Mary-J, an Egyptian-American who lives in New York, also complained about the lack of information regarding the voting procedures as well as the candidates. She recounted how the lack of transparency regarding voting procedures and the arbitrary instructions had led many potential voters to mistrust the government’s handling of their personal information. Some Egyptian immigrants were concerned that the Egyptian authorities would use the information to make lives more difficult for them abroad.
Egypt’s Coptic Christian leader, Pope Shenouda III, who was receiving medical treatment in Cleveland, Ohio, during the elections, was unable to cast his vote because he had not registered as an Egyptian abroad in time.
Some observers have attributed these shortcomings to inexperience and the novelty of democratic procedures in Egypt. Meanwhile, Egypt’s Foreign Ministry has offered little in terms of explanation and said it was not responsible for any obstacles that voters abroad may have encountered. Surprisingly, the second phase of voting, which started this month, was better organized. This time, consulates in New York, Houston, Chicago and Los Angeles were able to receive votes.
The theory that Egyptians in North America were directly targeted as part of a wider vote manipulation scheme in favor of Islamists assumes a complicity between power, politics and religion that borders on the conspiratorial. What is clear is that many expats in North America have been denied their constitutional right to vote as a result of the difficulties they have faced. And this, no doubt, will contribute to the formation of a non-representative parliament, and constitutes a set-back on Egypt’s path towards democracy.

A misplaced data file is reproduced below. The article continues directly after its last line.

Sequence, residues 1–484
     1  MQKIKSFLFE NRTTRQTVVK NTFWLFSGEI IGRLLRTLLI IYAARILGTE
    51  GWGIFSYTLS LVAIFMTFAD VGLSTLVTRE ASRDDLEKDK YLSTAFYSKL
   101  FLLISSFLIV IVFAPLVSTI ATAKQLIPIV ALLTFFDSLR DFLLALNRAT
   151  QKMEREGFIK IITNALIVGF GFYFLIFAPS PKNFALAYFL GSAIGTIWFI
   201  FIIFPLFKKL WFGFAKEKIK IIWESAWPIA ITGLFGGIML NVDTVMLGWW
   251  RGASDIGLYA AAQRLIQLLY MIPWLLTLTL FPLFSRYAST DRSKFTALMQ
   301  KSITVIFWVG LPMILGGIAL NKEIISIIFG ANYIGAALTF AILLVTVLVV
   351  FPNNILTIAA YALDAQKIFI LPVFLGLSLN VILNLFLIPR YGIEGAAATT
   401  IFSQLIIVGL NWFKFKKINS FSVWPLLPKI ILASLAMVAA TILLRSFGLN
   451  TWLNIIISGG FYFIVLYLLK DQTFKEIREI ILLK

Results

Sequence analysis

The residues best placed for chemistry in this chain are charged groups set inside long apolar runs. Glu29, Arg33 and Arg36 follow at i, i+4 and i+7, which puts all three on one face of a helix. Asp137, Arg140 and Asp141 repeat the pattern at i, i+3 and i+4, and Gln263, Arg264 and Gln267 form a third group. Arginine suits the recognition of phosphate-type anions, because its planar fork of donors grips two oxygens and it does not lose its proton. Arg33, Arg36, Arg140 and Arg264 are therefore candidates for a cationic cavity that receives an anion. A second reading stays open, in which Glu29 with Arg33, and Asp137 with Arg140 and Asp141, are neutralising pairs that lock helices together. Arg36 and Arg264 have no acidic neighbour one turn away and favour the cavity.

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Tamer Fouad is an Egyptian physician and blogger commenting on political and current affairs in Egypt as well as on the Arab transition towards democracy. He has also published several awareness articles promoting liberalism and free speech on the Muslim Brotherhood's English website Іkhwanweb.com, but is not affiliated with the Brotherhood. Tamer is a regular contributing author on MiddleEastVoices.com.